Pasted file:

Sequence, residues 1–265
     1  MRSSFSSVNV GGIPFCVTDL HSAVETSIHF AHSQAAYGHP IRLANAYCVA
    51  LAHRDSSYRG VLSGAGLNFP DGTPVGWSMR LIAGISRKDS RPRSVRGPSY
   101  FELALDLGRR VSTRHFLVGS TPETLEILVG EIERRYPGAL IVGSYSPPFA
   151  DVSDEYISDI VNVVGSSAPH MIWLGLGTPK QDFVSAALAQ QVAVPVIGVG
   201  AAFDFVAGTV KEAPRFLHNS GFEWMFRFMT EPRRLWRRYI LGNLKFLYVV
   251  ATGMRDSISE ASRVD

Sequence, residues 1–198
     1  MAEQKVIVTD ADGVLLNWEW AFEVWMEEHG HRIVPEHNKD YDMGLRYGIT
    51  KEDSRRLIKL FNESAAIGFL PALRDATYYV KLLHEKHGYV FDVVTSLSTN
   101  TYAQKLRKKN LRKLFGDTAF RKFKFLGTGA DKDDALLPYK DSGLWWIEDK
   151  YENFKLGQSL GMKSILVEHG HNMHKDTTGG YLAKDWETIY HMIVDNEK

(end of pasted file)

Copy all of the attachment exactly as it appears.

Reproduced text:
Sequence, residues 1–265
     1  MRSSFSSVNV GGIPFCVTDL HSAVETSIHF AHSQAAYGHP IRLANAYCVA
    51  LAHRDSSYRG VLSGAGLNFP DGTPVGWSMR LIAGISRKDS RPRSVRGPSY
   101  FELALDLGRR VSTRHFLVGS TPETLEILVG EIERRYPGAL IVGSYSPPFA
   151  DVSDEYISDI VNVVGSSAPH MIWLGLGTPK QDFVSAALAQ QVAVPVIGVG
   201  AAFDFVAGTV KEAPRFLHNS GFEWMFRFMT EPRRLWRRYI LGNLKFLYVV
   251  ATGMRDSISE ASRVD

Sequence, residues 1–198
     1  MAEQKVIVTD ADGVLLNWEW AFEVWMEEHG HRIVPEHNKD YDMGLRYGIT
    51  KEDSRRLIKL FNESAAIGFL PALRDATYYV KLLHEKHGYV FDVVTSLSTN
   101  TYAQKLRKKN LRKLFGDTAF RKFKFLGTGA DKDDALLPYK DSGLWWIEDK
   151  YENFKLGQSL GMKSILVEHG HNMHKDTTGG YLAKDWETIY HMIVDNEK